Jump to content

The Fountain Pen Network uses (functional) cookies. Read the FPN Privacy Policy for more info.  To remove this message, please click here to accept the use of cookies


Registration on the Fountain Pen Network

Dearest Visitor of the little Fountain Pen Nut house on the digital prairie,

Due to the enormous influx of spammers, it is no longer possible to handle valditions in the traditional way. For registrations we therefore kindly and respectfully request you to send an email with your request to our especially created email address. This email address is register at fountainpennetwork dot com. Please include your desired user name, and after validation we will send you a return email containing the validation key, normally wiithin a week.

Thank you very much in advance!
The FPN Admin Team






Photo

Susemai Black Cat Cashmere

ink black black cat cashmere susemai

  • Please log in to reply
4 replies to this topic

#1 Crewel

Crewel

    Extremely Rare

  • Member - Gold

  • PipPipPipPipPipPip
  • 298 posts
  • Location:Virginia, USA
  • Flag:

Posted 25 January 2015 - 03:10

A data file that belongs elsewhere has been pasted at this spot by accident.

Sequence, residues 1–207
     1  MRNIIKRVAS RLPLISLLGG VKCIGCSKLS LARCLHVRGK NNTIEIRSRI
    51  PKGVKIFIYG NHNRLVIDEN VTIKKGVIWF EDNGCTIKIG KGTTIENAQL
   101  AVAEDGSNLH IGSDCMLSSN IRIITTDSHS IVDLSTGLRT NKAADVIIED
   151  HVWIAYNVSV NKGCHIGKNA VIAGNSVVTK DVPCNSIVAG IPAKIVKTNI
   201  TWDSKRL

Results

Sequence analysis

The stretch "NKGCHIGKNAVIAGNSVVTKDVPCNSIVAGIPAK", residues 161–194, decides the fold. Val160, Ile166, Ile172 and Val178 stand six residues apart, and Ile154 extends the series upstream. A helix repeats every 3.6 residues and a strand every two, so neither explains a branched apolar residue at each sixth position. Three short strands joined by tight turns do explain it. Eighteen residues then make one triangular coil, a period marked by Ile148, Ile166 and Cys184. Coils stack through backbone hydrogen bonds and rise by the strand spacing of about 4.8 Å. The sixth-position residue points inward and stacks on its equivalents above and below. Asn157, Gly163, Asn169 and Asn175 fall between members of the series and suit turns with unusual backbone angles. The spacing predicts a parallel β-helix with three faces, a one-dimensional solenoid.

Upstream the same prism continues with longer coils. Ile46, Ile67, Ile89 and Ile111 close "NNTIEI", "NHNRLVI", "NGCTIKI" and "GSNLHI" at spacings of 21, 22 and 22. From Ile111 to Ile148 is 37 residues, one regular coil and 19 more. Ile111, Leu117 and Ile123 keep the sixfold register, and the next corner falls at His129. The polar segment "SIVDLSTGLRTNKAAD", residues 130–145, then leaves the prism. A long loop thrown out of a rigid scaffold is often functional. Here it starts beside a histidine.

SuSaMai Black Cat Cashmere: A Review

 

First, I want to thank amberleadavis for her generosity in letting me try out SuSaMai Black Cat Cashmere ink powder through one of her PIFs.  I love trying out different inks and colors, so this opportunity was much appreciated.  I posted this review on the PIF subforum, and I am posting here for those who may be interested.

 

The following is a first impression, slight in-depth review of the Black Cat Cashmere, which comes in powder form for you to mix as you like.  There are other colors of course, and they are made by Black Stone Ink company.  More background information can be found in the first post by amberleadavis here

 

Black, in general, is not my favorite color since it is so ubiquitous, but my experiences have shown that there is black and there is BLACK.  Which one you prefer is all up to you.

 

I have found Black Cat Cashmere to be a very decent ink.  It is relatively well behaved, flows very well in the pens I have inked, and it dries relatively fast.  It has some archival quality as long as there is enough ink on the paper and given adequate drying time.  Black Cat Cashmere is also one of the darkest out of all the blacks in my stock.  Your conclusions may vary depending on many factors such as wetness, paper, and nib as well as your own style of writing.  The following scans try to demonstrate how the ink looks in different pens and writing applications.  Some of the subtleties may not be readily apparent due to the limitations of the upload, but I hope it gives you a more than adequate idea of the properties of the ink.